To be fair, the Russian tactical cat-and-mouse games in this conflict has been nothing short of infuriating. The Russians spent some time rolling around Kiev to draw Ukrainian troops away from the Donbass and prevent a Ukrainian attack on it; once that was done, they withdrew. Great Ukrainian victory! They also spent some time tooling around the Black Sea coastline near Odessa, threatening a sea invasion, to draw off Ukrainian forces in that direction, but never invaded. Another Ukrainian victory! The Russians occupied a large chunk of Kharkov region that the Ukrainians left largely undefended, then, when the Ukrainians finally paid attention to it, partially withdrew behind a river to conserve resources. Yet another Ukrainian victory! The Russians occupied/liberated the regional capital of Kherson, evacuated all the people who wanted to be evacuated, then withdrew to a defensible position behind a river. Victory again! With all these Ukrainian victories, it is truly a wonder that the Russians have managed to gain around 100km2 of the former Ukraine’s most valuable real estate, over 6 million in population, secured a land route to Crimea and opened up a vital canal that supplies irrigation water to it and which the Ukrainians had blocked some years ago. That doesn’t seem like s defeat at all; that looks like an excellent result from a single, limited summer campaign.
Russia has achieved several of its strategic objectives already; the rest can wait. How long should they wait? To answer this question, we need to look outside the limited scope of Russia’s special operation in the Ukraine. Russia has bigger fish to fry, and frying fish takes time because eating undercooked fish can give you nasty parasites such as tapeworm and liver fluke. And so, I would like to invite you to Mother Russia’s secret kitchen, to see what’s on the cutting board and to estimate how much thermal processing will be required to turn it all into a safe and nutritious meal.
Mixing our food metaphors, allow me to introduce Goldilocks with her three bears and her porridge not to hot and not too cold.
What Russia seems to be doing is keeping their special military operation moving along at a steady pace – not to fast and not too slow.
Going too fast would not allow enough time to cook the various fish; going too fast would also increase the cost of the campaign in casualties and resources.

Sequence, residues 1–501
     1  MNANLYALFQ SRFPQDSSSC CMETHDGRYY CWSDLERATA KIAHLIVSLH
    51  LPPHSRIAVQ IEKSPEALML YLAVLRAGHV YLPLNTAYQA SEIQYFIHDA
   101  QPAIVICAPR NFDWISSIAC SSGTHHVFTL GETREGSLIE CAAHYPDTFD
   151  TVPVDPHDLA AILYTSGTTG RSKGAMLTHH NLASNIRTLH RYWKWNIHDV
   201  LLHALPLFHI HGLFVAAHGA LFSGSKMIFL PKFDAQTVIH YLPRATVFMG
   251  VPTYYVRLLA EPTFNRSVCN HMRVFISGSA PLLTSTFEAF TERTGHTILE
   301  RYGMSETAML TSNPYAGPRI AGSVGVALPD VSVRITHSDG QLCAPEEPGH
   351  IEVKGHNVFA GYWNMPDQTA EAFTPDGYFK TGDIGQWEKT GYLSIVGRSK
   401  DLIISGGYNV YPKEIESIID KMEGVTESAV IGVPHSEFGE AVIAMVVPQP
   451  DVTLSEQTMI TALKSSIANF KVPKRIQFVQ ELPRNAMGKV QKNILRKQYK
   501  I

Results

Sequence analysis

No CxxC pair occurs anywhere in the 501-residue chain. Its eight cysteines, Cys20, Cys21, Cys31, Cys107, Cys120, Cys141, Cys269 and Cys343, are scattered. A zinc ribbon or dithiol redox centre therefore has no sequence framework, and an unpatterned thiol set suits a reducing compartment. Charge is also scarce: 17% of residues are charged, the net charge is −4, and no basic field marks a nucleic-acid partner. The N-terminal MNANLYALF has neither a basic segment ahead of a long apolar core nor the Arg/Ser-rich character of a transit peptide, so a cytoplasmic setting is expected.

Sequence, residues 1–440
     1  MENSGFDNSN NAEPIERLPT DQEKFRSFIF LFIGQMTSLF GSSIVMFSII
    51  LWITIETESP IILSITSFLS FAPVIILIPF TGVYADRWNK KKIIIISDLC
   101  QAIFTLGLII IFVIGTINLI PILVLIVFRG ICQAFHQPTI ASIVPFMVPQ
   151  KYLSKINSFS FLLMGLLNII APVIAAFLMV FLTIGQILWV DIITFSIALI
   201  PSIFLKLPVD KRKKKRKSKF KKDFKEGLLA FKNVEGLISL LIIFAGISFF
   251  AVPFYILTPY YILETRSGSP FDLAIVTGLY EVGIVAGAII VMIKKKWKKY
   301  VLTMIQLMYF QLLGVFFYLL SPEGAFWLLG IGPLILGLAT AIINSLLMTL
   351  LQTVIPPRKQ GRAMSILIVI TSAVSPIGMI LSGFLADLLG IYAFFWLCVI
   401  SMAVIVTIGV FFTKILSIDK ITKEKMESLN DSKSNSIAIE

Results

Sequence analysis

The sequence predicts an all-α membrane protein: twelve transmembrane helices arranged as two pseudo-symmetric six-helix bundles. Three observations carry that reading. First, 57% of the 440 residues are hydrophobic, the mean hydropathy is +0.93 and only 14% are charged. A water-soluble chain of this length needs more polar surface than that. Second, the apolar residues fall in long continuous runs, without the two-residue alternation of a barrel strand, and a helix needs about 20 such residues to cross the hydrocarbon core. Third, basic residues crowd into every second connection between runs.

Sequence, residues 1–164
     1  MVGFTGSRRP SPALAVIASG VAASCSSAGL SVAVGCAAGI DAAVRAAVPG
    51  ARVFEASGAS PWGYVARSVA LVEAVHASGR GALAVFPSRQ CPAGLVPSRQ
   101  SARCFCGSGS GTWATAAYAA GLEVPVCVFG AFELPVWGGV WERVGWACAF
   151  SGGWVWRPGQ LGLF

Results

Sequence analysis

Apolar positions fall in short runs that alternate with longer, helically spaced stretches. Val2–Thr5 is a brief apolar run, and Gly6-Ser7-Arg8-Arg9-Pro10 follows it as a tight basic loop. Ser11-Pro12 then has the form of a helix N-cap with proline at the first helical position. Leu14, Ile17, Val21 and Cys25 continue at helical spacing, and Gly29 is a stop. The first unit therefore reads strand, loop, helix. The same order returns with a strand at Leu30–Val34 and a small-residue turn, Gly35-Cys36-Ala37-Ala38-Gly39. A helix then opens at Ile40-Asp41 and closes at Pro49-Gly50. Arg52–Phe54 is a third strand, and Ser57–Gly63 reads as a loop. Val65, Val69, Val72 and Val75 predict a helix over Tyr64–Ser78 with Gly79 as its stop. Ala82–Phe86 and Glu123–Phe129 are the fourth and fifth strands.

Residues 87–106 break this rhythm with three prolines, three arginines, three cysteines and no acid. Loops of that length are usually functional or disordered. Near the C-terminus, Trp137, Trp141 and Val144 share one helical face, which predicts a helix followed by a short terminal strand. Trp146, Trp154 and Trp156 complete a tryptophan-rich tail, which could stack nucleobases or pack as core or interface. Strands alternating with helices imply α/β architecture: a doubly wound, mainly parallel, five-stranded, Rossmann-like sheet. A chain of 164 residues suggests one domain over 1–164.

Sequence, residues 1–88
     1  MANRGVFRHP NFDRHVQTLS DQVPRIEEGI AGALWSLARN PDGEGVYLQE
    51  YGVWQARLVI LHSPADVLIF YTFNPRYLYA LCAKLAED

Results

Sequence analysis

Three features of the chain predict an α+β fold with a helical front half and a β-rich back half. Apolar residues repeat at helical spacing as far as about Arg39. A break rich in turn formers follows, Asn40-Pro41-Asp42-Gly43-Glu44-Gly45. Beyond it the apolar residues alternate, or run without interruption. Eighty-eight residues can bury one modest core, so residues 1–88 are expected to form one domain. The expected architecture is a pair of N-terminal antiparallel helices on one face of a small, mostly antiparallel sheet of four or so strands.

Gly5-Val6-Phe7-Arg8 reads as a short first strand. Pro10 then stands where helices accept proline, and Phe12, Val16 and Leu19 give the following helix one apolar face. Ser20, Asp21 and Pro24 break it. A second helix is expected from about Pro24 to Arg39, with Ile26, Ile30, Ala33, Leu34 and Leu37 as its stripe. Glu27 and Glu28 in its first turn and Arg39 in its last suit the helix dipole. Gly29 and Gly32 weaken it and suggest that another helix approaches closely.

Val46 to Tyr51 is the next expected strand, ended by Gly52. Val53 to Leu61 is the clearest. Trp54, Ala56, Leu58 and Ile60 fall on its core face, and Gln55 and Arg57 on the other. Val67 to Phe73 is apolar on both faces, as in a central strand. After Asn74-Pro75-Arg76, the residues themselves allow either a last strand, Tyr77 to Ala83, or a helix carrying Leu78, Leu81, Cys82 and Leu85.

Going too slow would give the Ukrainians and NATO time to regroup and rearm and prevent the proper thermal processing of the various fish.
In an effort to find the optimal pace for the conflict, Russia initially committed only a tenth of its professional active-duty soldiers, then worked hard to minimize the casualty rate. It opted to start turning off the lights all over the former Ukraine only after the Kiev regime tried to blow up the Kerch Strait bridge that linked Crimea with the Russian mainland. Finally, it called up just 1% of reservists to relieve the pressure from the frontline troops and potentially prepare for the next stage, which is a winter campaign—for which the Russians are famous.
With this background information laid out, we can now enumerate and describe the various ancillary objectives which Russia plans to achieve over the course of this Goldilocks War.
The first and perhaps most important set of problems that Russia has to solve in the course of the Goldilocks War is internal.
The goal is to rearrange Russian society, economy and financial system so as to prepare it for a de-Westernized future. Since the collapse of the USSR, various Western agents, such as the National Endowment for Democracy, the US State Department, various Soros-owned foundations and a wide assortment of Western grants and exchange programs have made serious inroads into Russia. The overall goal was to weaken and eventually dismember and destroy Russia, turning it into a compliant servant of Western governments and transnational corporations that would supply them with cheap labor and raw materials. To help this process along, these Western organizations did whatever they could to drive the Russian people toward eventual biological extinction and replace them with a more docile and less adventurous race.